My earliest memories are of a land that nature had made a plentiful paradise. It was a wealth of forests, lakes, hills, mountains, and fertile soil. This is how I remember the village of Churkha, in the district of Tsongkha, where I was born. Churkha was under the jurisdiction of Kumbum monastery. Tsongkha was the birthplace of Tsongkhapa, founder of the Gelugpa sect of Buddhism in the fourteenth century. I was the second child born to my parents, but the eldest girl. Perhaps my birth was considered a misfortune to my parents, for it heralded a long chain of girls in my family.
I have never forgotten the freedom of my young days in Amdo (one of the two eastern provinces of Tibet). I grew up with seven sisters and three brothers, surrounded by great affection and friendship. My parents were humble but prosperous peasants, and my horizons and my awareness began and ended with the lives of my forefathers, tillers of the soil. That soil was the means by which we earned our survival and existence. When fate changed my life so swiftly and abruptly, I was but a peasant girl.
My early years were spent within a large, extended family. My father had six brothers, and they all lived in our household with their wives and children. This custom was peculiar to our area in Amdo. Sons brought their wives to their families of birth, but daughters left their homes upon marriage and joined their husbands' families. Sometimes, when parents had only daughters, they "acquired" a bridegroom to enter their family to continue the family name, but that was not typical.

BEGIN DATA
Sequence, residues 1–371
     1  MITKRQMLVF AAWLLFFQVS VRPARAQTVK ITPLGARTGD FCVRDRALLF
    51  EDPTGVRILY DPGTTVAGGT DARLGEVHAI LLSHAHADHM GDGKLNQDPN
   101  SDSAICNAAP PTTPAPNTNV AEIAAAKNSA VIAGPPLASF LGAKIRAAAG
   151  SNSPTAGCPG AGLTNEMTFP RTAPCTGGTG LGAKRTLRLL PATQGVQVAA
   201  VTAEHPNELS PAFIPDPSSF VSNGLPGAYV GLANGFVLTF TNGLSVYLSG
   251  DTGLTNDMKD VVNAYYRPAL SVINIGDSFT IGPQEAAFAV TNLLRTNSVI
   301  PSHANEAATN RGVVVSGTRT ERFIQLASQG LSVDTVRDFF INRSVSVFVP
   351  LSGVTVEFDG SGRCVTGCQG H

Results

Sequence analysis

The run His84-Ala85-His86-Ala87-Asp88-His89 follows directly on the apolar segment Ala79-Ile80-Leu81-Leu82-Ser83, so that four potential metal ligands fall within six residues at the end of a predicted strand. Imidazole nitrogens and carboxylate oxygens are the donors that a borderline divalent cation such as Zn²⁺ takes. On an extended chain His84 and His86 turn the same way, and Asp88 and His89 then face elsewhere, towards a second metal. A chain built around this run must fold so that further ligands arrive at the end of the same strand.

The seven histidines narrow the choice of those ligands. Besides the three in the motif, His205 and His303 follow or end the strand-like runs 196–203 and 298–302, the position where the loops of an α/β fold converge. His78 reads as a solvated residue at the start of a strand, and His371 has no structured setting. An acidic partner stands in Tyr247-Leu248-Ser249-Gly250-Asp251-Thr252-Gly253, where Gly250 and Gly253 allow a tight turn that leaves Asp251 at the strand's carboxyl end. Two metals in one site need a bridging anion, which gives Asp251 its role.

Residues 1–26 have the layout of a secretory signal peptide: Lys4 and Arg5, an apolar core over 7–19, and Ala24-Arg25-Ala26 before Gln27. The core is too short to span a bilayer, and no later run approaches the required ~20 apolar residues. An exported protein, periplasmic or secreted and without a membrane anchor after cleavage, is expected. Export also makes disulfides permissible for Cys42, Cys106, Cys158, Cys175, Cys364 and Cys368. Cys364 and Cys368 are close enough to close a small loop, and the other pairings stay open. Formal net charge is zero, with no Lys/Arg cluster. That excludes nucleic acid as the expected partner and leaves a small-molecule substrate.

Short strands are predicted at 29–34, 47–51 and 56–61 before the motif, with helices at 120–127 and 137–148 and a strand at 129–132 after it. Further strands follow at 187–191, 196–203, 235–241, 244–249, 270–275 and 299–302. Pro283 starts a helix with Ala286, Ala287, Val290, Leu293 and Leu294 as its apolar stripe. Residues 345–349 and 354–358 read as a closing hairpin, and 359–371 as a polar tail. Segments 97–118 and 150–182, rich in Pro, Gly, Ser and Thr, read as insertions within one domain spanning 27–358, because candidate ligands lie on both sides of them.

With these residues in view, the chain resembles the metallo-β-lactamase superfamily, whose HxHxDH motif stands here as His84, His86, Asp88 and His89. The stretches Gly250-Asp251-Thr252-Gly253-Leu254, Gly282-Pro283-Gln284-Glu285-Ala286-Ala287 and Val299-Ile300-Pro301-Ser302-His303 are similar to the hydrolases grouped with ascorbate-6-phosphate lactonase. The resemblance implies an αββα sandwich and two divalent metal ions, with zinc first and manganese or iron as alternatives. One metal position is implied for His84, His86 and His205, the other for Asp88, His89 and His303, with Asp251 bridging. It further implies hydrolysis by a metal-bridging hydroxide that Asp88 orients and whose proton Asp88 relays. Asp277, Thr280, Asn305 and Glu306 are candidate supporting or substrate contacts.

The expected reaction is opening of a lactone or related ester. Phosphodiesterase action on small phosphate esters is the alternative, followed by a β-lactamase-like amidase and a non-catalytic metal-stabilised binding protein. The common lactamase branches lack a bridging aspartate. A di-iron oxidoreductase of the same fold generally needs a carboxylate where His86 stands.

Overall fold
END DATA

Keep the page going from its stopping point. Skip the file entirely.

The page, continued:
The houses in Amdo were different from those of central Tibet. They were square, with one or two stories. Our home was double-storied, and we also had a single-story house where the servants lived. The houses were made of thala, which is two wooden walls filled with pounded sand. Village houses were surrounded by a stone wall and built around an inner courtyard. An extended family often lived in a cluster of such houses. Every house had a large storeroom for tsampa (roasted barley flour, the staple food of Tibet), flour, butter, dry meat, and oil. The stables were separate, and here we kept the sheep, cows and horses, dris (female yaks), donkeys, pigs, and dzomos. (A dzomo is the offspring of a yak and a cow. The male is called a dzo.)
In our area we had the fiercest-looking mastiffs that I have ever seen, even in Lhasa. They were used as guard dogs. It is known that these dogs were often exchanged for horses. They often had to walk great distances when they were traded, and they would develop sore paws. We would wrap the sore paws with yak fur as padding.
My father was called Tashi Dhondup, and my mother was Doma Yangzom. My grandparents also lived with us. In Amdo all older women in the family were called amala, or mother. To distinguish between the various mothers, we used terms like tama and gama, elder mother and younger mother, in accordance with their seniority. It was customary, as a mark of filial devotion, that those of the older generation who had grown children did not work. It was thought that the old folks had done their labor during their youth.
From the moment of my birth I was loved by my grandparents, not because I was the eldest-I already had an elder brother-but because some premonition told them that I was to be a special child and an even more special adult. They lavished such tenderness and affection upon me that I felt cherished. The enjoyment of life that resulted has never left me. To them I owe eternal gratitude for enriching my childhood and for hiding from me, however temporarily, the fact that a woman's life can be hard, cruel, and full of trials and tribulations.
My grandparents formed the nexus of my entire world. I slept with them, ate with them, was cajoled and petted by them. They seemed to fill up my entire little self. This was possible because of the unrestrained and informal relations between grandparents and their grandchildren, which lacked rigid rules of conduct.